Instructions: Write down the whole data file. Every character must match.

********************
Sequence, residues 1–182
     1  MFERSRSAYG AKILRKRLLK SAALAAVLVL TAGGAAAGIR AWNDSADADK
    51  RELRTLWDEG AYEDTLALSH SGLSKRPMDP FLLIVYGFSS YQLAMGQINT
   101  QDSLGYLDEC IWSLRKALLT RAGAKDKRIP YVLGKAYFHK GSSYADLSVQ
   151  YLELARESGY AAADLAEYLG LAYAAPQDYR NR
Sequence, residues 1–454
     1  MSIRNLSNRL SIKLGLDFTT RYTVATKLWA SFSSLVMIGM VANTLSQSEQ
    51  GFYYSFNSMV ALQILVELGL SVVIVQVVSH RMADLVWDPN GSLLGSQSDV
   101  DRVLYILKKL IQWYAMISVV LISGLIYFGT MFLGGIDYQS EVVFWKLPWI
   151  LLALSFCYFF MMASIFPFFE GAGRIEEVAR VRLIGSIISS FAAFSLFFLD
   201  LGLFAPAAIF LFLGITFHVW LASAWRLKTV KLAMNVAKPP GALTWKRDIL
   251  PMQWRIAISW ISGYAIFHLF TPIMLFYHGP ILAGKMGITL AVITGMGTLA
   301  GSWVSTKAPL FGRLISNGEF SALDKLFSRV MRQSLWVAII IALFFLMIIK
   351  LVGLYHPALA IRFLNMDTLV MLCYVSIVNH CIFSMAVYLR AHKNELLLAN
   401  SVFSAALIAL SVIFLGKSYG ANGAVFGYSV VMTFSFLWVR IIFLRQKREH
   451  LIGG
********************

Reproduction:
Sequence, residues 1–182
     1  MFERSRSAYG AKILRKRLLK SAALAAVLVL TAGGAAAGIR AWNDSADADK
    51  RELRTLWDEG AYEDTLALSH SGLSKRPMDP FLLIVYGFSS YQLAMGQINT
   101  QDSLGYLDEC IWSLRKALLT RAGAKDKRIP YVLGKAYFHK GSSYADLSVQ
   151  YLELARESGY AAADLAEYLG LAYAAPQDYR NR
Sequence, residues 1–454
     1  MSIRNLSNRL SIKLGLDFTT RYTVATKLWA SFSSLVMIGM VANTLSQSEQ
    51  GFYYSFNSMV ALQILVELGL SVVIVQVVSH RMADLVWDPN GSLLGSQSDV
   101  DRVLYILKKL IQWYAMISVV LISGLIYFGT MFLGGIDYQS EVVFWKLPWI
   151  LLALSFCYFF MMASIFPFFE GAGRIEEVAR VRLIGSIISS FAAFSLFFLD
   201  LGLFAPAAIF LFLGITFHVW LASAWRLKTV KLAMNVAKPP GALTWKRDIL
   251  PMQWRIAISW ISGYAIFHLF TPIMLFYHGP ILAGKMGITL AVITGMGTLA
   301  GSWVSTKAPL FGRLISNGEF SALDKLFSRV MRQSLWVAII IALFFLMIIK
   351  LVGLYHPALA IRFLNMDTLV MLCYVSIVNH CIFSMAVYLR AHKNELLLAN
   401  SVFSAALIAL SVIFLGKSYG ANGAVFGYSV VMTFSFLWVR IIFLRQKREH
   451  LIGG